After growing stockpiles strengthened fears of another major slump forming, oil prices dropped more than 1 percent on Monday.
Genscape, a market intelligence syndicate, reported a delivery hub in Cushing, Oklahoma for crude futures witnessed a supply growth of 26,460 barrels the week of July 15.
According to Morgan Stanley, headwinds are increasing the market, but the firm still projects a rebalancing of the supply-demand in oil by the middle of 2017. The company issued the statement, “Tail risks are admittedly large in both directions, as geopolitics add to uncertainty.”
By 11:41 a.m. CT, Brent crude was down 1.8 percent. The fall of 84 cents brought prices totaling $46.77 per barrel. It dropped more than $1 earlier to a low of $46.50.
West Texas Intermediate (WTI) crude was also down 1.8 percent. The fall of 82 cents brought prices down to $45.13 per barrel after a low of $44.86.
On July 26, a labor union that will execute a 24-hour strike by Wood Group oil and gas maintenance workers employed at Royal Dutch Shell’s platforms in the North Sea is expected to further disrupt operations.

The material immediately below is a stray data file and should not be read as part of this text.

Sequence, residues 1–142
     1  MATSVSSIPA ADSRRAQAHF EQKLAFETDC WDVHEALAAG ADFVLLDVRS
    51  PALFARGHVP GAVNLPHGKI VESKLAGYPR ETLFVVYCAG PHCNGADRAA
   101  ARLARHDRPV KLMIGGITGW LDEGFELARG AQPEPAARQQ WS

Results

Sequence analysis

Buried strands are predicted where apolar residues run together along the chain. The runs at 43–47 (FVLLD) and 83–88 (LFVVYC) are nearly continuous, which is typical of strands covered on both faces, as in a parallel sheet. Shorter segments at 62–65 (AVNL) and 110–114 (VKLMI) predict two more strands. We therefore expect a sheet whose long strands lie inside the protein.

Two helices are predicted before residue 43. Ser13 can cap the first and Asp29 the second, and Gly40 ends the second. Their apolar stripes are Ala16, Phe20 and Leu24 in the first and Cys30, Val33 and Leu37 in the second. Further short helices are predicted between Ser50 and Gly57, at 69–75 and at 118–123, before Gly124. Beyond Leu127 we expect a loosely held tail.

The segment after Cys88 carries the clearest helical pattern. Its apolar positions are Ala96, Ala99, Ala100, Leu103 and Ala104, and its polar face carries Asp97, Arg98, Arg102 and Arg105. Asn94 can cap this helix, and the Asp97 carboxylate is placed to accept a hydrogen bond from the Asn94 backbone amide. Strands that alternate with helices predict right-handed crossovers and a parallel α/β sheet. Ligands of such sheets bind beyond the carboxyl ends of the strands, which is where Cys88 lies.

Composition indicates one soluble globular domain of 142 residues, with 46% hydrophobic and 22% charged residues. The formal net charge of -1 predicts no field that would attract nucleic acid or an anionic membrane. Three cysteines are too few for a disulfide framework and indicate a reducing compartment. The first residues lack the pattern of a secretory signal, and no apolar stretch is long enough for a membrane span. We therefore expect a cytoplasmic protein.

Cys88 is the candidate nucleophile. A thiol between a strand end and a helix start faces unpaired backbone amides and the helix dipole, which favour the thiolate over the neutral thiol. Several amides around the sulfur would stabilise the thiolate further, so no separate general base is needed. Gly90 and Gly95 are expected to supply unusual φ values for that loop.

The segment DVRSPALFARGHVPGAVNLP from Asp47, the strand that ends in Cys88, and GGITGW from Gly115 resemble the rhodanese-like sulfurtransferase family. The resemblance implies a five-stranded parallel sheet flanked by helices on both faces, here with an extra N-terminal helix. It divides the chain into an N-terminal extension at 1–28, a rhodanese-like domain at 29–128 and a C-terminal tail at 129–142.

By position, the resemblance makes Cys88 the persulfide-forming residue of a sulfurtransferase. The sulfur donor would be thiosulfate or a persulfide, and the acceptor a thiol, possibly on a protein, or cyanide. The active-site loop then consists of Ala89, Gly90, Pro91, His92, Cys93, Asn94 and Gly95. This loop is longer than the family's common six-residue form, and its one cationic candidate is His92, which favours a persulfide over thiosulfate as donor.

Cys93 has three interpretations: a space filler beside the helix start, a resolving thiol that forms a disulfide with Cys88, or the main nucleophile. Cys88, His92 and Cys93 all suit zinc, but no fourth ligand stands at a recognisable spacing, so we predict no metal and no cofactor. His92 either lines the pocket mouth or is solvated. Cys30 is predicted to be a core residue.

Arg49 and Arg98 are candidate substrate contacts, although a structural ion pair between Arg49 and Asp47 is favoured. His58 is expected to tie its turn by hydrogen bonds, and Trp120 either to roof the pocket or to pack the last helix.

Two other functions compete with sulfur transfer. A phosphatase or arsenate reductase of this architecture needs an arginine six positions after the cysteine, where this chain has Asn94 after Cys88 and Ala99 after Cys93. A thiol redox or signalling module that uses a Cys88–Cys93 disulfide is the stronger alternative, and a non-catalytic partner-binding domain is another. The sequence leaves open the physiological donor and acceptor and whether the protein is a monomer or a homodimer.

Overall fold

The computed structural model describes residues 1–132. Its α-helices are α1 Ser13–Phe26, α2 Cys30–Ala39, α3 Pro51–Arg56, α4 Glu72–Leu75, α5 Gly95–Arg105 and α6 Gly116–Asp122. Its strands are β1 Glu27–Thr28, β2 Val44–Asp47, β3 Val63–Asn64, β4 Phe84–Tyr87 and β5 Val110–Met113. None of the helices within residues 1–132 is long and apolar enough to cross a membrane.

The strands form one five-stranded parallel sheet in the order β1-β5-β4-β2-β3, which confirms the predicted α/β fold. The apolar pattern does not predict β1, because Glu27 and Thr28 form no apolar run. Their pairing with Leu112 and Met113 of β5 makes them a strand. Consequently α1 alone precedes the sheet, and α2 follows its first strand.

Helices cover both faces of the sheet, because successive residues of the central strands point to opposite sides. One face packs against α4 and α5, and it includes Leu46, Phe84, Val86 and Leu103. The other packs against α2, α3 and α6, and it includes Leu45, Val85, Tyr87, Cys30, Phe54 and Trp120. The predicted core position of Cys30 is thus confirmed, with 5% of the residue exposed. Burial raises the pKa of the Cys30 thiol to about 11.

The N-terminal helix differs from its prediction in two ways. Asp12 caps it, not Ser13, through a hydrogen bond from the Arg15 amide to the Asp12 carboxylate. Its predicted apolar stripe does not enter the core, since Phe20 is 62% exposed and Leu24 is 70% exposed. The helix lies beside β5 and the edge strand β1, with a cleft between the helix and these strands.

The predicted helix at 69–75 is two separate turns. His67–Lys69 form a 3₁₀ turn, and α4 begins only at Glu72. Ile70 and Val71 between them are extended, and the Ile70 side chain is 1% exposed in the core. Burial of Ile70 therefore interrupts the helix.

“We are maintaining a bearish trading stance as we still see an ultimate price downdraft in WTI and Brent to about $37 and $38 areas respectively,” said Jim Ritterbusch of Ritterbusch & Associates out of Chicago.
Morgan Stanley stated in one of its reports that the demand for both diesel and gasoline were lagging petrochemicals. According to the report, this muddies the outlook for oil. The report continued, “”A rapid rise of non-petroleum products (demand) is boosting total product demand, but this is unhelpful for crude oil. Based on the latest data, even our tepid 800,000 barrels per day growth estimate for global crude runs looks too high.”
Government data showed that U.S. distillate and gasoline stacks had increased without warning last week. This folded margins for refiners at the peak of the summer’s driving season, a time when fuel demand is usually healthy.
Oil prices have risen almost 75 percent since reaching 12-year lows of almost $27 for Brent and $26 for U.S. crude in the first quarter. Since then, the increase has ceased since the two numbers reached $50 per barrel back in May as worries intensified about higher prices inciting more production.
Article written by HEI contributor Briana Steptoe.